Ralph and Lenny are Hector’s sidekicks. Ralph is also Hector’s brother-in-law and Lenny is a nephew to them both. At age 12, Hector, his parents, and his two brothers came here from Puerto Rico. He makes it a rule to hire family when he can. He says it’s good for business. Ralph says Hector needs people he can trust. Lenny says he likes working with his uncles in the summer, but the long hours don’t give him much time with his girlfriend.

Hector concedes noticing a tide of gentrification that’s swept through the Wicker Park and East Village neighborhoods flanking his shop to the north and south, but he claims little has changed at this gritty intersection since they first opened their doors. Least of all, his business.

The frail driver of the worn-out Granada peers over the low plastic window that shields the shop’s front counter as if he’s awaiting a deli sandwich. He watches intently as Hector pulls the crank on the rim changer, which slips a tire’s lip into place on a rim. Another man, a painter from the south side who stumbled upon the place while working a job in the area, keeps an eye on Lenny as he plops a tire into a tub filled with murky water and checks for air bubbles. Hector tells Lenny he’s taking too long. Ralph mumbles something in Spanish and Lenny makes a face behind their backs.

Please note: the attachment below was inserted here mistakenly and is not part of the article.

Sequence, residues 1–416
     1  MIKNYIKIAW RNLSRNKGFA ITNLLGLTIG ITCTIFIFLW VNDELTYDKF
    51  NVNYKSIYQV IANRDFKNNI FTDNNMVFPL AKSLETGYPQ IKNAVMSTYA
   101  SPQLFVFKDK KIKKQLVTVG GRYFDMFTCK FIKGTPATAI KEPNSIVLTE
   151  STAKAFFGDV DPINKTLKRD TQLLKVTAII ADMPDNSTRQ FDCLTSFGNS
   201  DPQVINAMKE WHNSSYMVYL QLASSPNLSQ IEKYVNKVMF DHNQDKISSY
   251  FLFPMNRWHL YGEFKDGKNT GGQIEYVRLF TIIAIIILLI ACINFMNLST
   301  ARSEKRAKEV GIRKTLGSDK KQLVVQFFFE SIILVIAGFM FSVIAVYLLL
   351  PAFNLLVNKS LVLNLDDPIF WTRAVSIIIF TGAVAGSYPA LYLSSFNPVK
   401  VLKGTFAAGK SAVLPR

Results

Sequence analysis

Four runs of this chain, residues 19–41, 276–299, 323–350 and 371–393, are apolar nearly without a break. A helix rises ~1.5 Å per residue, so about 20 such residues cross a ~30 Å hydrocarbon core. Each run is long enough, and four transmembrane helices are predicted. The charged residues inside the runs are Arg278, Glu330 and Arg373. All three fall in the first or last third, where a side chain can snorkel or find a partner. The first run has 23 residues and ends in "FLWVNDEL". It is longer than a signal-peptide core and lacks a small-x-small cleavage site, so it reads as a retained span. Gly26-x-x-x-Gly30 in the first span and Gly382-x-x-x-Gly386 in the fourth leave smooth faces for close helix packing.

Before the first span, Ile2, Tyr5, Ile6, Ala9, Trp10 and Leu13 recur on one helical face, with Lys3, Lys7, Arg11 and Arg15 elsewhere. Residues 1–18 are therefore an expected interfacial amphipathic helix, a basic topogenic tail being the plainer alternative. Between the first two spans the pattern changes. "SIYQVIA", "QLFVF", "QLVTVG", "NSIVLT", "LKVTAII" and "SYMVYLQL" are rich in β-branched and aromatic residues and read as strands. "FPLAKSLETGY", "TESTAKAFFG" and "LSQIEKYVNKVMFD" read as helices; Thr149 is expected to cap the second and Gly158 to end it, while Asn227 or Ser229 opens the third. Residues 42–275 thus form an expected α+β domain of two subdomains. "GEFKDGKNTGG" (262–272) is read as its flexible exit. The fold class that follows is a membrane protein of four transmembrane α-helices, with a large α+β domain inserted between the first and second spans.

It’s not unusual for customers to linger as their flats are fixed. Some even lend a hand, says Hector. But gang members are encouraged to drop off their vehicles and pick them up later. “Hector knows who the gang members are,” warns Ralph, “and they know him.” Hector adds, “It’s not good for the neighborhood if something bad happens around here.” As Ralph reels off gang-related incidents that have occurred around the business over the years, Hector goes back to work on the rim changer.

“Three dollar,” Hector informs the driver of the Granada. Pulling a wad of bills from his left breast pocket, which has long served as the shop’s cash register, Hector makes change for a ten and hands it to the customer. Stuffing the bills back into his jumpsuit, he proudly announces, “They’re all in order.”

The painter takes his eye off Lenny, smiles, and says, “They’re cheap and they’re quick.” The cost of fixing a flat at All Day Tire has always been $3–$5 if they have to remove the tire from the car. Used tires start at $15. Hector says he’s never considered raising prices because “that’s what it costs.”

The screaming siren of an ambulance maneuvering through Division Street traffic clashes with the thump of hip-hop music from a nearby apartment. The late afternoon sun beams off the metal jacks that rest out front, awaiting the shop’s next rush. A man from the neighborhood who’d walked by to say hello earlier in the day returns with a 12-pack of 7-Up and a bag of ice.

Hector, Ralph, and Lenny seem glad for a break in the action. Business comes in waves, explains Hector. “It’s like when you fish. Sometimes you catch a lot.”

Art accompanying story in printed newspaper (not available in this archive): photos/Armando Villa.